“My views are in alignment with the Cambridge Development Department’s report Resilient Cambridge Plan, released in July of 2021. I especially like that strategies focus both on physical and social resilience through the categories of Closer Neighborhoods, Better Buildings, Stronger Infrastructure, and Greener City. It was developed with significant input from the community and experts in the area. As a Councillor I would work with City Staff, Councillors, Businesses and residents to move forward with implementation.” – Paul Toner

“The City of Cambridge has made some progress in advancing our climate action goals, but it is clear that we must do more to ensure that we are carbon net-zero as soon as possible. We need to build with net zero emissions and have our buildings ready to exist as such; we need to invest in our transportation to disincentivize the unnecessary use of cars. We also need more protected bike lanes but with all of the stakeholders, pedestrians, business and cyclists involved. We must incorporate green jobs vocational training in our schools to prepare students for a greener and cleaner economic future.” – Nicola Williams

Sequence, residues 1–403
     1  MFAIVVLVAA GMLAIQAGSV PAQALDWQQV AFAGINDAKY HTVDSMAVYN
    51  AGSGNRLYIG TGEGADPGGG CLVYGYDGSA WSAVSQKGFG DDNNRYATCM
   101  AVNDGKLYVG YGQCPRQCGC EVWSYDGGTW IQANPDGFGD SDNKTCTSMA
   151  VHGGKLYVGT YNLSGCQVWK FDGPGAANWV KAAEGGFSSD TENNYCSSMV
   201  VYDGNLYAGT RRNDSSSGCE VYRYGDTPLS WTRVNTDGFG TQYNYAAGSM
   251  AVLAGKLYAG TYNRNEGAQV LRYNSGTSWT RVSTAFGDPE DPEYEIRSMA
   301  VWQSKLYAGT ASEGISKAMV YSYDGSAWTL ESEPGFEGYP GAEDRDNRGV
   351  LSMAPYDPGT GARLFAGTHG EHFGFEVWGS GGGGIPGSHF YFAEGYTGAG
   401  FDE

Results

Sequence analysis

“This year I introduced the Green New Deal Zoning Petition. This zoning petition proposes that we collect a fee based on the emissions a new commercial building will produce over its lifetime, using the money to do energy efficiency projects and fund green jobs training programs with direct benefit to low income and minority communities. We have an opportunity to socialize our zoning code by redistributing wealth in order to green our city and create economic opportunity for those closest to the pain. And in doing so, we will truly begin to break from our zoning code’s historical and perpetual use as a tool of oppression.” – Quinton Zondervan, incumbent